A third explanation posits that Ajos is a product of what might best be described as a growing irritation with international courts over their perceived legal micromanagement. In this view, the expansive tendencies of international courts via dynamic interpretation essentially collide with Danish legal culture and its focus on textual interpretation. There is a growing choir extolling the virtues of taking a hard stance against the perceived intrusions of international tribunals and their dynamic legal approaches, notably the CJEU but also the European Court of Human Rights. What Ajos adds to this picture of a growing ‘sovereigntism’ – at times even plain nationalism – is that it does not stop short of implementing the viewpoint into legal practice. And these new and stronger formal legal requirements for making EU law applicable also have political consequences. Going forward, Danish politicians will have to both draft far more detailed accession acts and be careful when participating in EU legislative processes. All in all, this is likely going to complicate Danish participation in the EU.
Domesticating EU Law
The conclusion in Ajos highlights two clear assertions which however only become fully visible through the narrow lens of Danish law. Firstly, that the Accession Act does not provide the legal basis for a general unwritten principle to be unfolded in specific rulings by the CJEU in a way that takes precedence over national legislation. Secondly, that the SCDK perceives itself to be violating its constitutional mandate were it to dis-apply Danish legal provisions, even when those provisions are contrary to EU law. In both cases the SCDK seeks legitimacy for its ruling by reference to legal certainty and legitimate expectations. The result of the approach is effectively a domestication of the question of the effect of EU law – now essentially a question of the limits of the Danish Accession Act which itself is limited by the relevant provision in the Danish Constitution (Art. 20).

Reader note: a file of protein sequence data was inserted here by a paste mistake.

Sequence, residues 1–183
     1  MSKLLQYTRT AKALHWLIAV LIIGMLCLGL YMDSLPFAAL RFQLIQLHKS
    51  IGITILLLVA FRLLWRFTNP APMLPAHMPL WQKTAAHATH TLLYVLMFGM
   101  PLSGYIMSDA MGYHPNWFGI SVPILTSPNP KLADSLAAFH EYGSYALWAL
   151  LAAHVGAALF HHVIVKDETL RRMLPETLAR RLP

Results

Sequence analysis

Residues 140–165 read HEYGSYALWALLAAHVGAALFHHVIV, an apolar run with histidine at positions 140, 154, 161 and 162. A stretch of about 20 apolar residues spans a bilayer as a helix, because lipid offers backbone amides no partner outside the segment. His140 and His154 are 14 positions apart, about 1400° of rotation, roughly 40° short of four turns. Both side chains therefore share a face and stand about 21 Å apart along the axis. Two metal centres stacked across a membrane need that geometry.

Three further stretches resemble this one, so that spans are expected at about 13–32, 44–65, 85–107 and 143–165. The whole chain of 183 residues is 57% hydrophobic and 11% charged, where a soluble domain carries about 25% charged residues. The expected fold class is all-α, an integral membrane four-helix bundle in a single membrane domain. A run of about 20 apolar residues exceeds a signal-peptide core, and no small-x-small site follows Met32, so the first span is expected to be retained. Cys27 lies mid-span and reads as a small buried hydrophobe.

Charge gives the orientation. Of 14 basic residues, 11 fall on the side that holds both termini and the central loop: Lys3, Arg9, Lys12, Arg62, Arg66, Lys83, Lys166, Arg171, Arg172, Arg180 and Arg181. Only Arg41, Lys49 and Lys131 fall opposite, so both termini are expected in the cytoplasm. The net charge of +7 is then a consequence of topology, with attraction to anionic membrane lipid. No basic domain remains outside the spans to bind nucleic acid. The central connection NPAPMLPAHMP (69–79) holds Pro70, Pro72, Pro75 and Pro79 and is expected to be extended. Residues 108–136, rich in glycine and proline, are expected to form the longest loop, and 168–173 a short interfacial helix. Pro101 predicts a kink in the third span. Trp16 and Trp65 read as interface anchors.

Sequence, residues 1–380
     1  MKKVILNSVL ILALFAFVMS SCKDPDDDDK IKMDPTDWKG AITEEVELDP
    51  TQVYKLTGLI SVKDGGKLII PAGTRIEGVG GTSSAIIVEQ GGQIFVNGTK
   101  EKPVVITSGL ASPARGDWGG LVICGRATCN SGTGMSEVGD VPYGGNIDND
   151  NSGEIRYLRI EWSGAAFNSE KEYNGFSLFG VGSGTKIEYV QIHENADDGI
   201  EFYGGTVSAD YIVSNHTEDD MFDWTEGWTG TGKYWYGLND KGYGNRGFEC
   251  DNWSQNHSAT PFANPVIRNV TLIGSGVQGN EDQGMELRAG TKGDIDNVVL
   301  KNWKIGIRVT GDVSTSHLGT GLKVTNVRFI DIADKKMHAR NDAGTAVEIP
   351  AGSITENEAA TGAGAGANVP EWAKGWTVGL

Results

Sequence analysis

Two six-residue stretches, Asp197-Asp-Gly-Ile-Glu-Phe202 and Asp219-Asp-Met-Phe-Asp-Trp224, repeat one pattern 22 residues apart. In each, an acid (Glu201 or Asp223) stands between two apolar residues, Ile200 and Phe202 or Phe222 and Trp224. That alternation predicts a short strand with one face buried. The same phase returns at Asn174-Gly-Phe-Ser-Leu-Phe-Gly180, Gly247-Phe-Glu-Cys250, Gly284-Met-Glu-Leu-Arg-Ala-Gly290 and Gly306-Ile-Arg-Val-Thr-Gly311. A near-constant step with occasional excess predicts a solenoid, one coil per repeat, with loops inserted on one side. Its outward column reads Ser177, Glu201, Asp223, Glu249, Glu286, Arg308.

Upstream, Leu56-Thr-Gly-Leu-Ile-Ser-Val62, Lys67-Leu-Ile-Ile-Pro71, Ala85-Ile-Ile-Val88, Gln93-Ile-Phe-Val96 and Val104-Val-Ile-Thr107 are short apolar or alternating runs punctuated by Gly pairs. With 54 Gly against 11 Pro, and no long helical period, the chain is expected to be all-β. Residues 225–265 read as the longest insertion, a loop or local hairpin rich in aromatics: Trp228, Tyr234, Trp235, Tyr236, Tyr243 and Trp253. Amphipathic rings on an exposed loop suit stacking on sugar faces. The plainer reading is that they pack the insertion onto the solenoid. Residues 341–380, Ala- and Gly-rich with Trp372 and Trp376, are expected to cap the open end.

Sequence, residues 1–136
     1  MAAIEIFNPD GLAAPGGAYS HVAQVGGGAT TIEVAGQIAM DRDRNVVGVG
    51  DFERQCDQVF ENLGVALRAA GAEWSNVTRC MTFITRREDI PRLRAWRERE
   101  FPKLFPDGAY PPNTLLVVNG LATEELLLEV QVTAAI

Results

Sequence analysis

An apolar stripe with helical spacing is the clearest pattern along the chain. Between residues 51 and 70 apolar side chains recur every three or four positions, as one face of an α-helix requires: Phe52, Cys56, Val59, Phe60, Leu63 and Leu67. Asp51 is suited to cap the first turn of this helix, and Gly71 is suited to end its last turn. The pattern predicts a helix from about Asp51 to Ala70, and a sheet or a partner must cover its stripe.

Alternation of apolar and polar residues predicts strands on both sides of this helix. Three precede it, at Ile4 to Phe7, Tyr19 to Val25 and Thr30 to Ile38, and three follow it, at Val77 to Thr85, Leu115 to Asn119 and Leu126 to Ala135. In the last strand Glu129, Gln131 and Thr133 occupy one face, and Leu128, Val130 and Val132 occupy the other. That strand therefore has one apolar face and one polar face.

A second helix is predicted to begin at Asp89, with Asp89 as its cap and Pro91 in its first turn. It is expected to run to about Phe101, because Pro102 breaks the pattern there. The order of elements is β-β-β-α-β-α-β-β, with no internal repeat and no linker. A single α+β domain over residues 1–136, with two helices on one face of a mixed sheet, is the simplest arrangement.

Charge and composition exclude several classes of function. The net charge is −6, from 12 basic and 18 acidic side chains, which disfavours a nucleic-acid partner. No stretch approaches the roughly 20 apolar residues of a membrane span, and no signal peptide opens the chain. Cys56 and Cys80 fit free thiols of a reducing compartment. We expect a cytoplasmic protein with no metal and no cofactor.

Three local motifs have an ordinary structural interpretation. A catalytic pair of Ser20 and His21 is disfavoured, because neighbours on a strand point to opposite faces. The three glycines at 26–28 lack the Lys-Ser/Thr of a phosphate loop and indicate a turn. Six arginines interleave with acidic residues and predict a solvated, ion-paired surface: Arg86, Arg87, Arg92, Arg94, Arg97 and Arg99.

Using this approach, the legal status of the contested principle of non-discrimination is that of an unwritten principle without a clear legal basis in the Treaty. As such, it is not deemed to be covered by the Accession Act. Instead, the SCDK views it as judge-made and thus belonging to a quasi-legal realm outside the constitutionally binding sphere of EU law in Denmark. This reconstruction of the validity of EU law is obviously deeply troubling when seen from a supranational perspective. The consequence is that every single national constitution of member states creates its own variation of EU law. This transforms EU law from an autonomous order into a residual order, the latter contingent on national legal practice and specific constitutional provisions.
Yet by far the most striking issue arising from the SCDK’s actions concerns the decision to portray itself as legally virtuous against the CJEU political activism. Although Ajos is drafted in the spirit of judicial restraint, giving weight to legislative texts and especially to the intention of the legislator (including preparatory works from Parliament) , it is likely to be viewed and received in very different terms. Judicial self-restraint simply fails to materialise as the guiding rationale of the decision. The approach of supposedly avoiding politics, the formal Leitmotiv of the decision and its formalism (defined as ‘playing by the Danish rules’), comes across as political: it effectively changes the dynamics of EU-Danish law and politics. The main reason for this is that EU law simply cannot be reduced to an exterior phenomenon. Rather, it is part and parcel of Danish law. It follows that switching it off, as in Ajos, even when justified under an interpretation of national law, necessarily entails applying one law by breaking another. That is not a viable path for any legal system taking supranational obligations seriously.
This blog text is a shorted and amended version of an article forthcoming in European Law Journal (2017) that analyses the Ajos case in detail. A SSRN version of the article text is available here.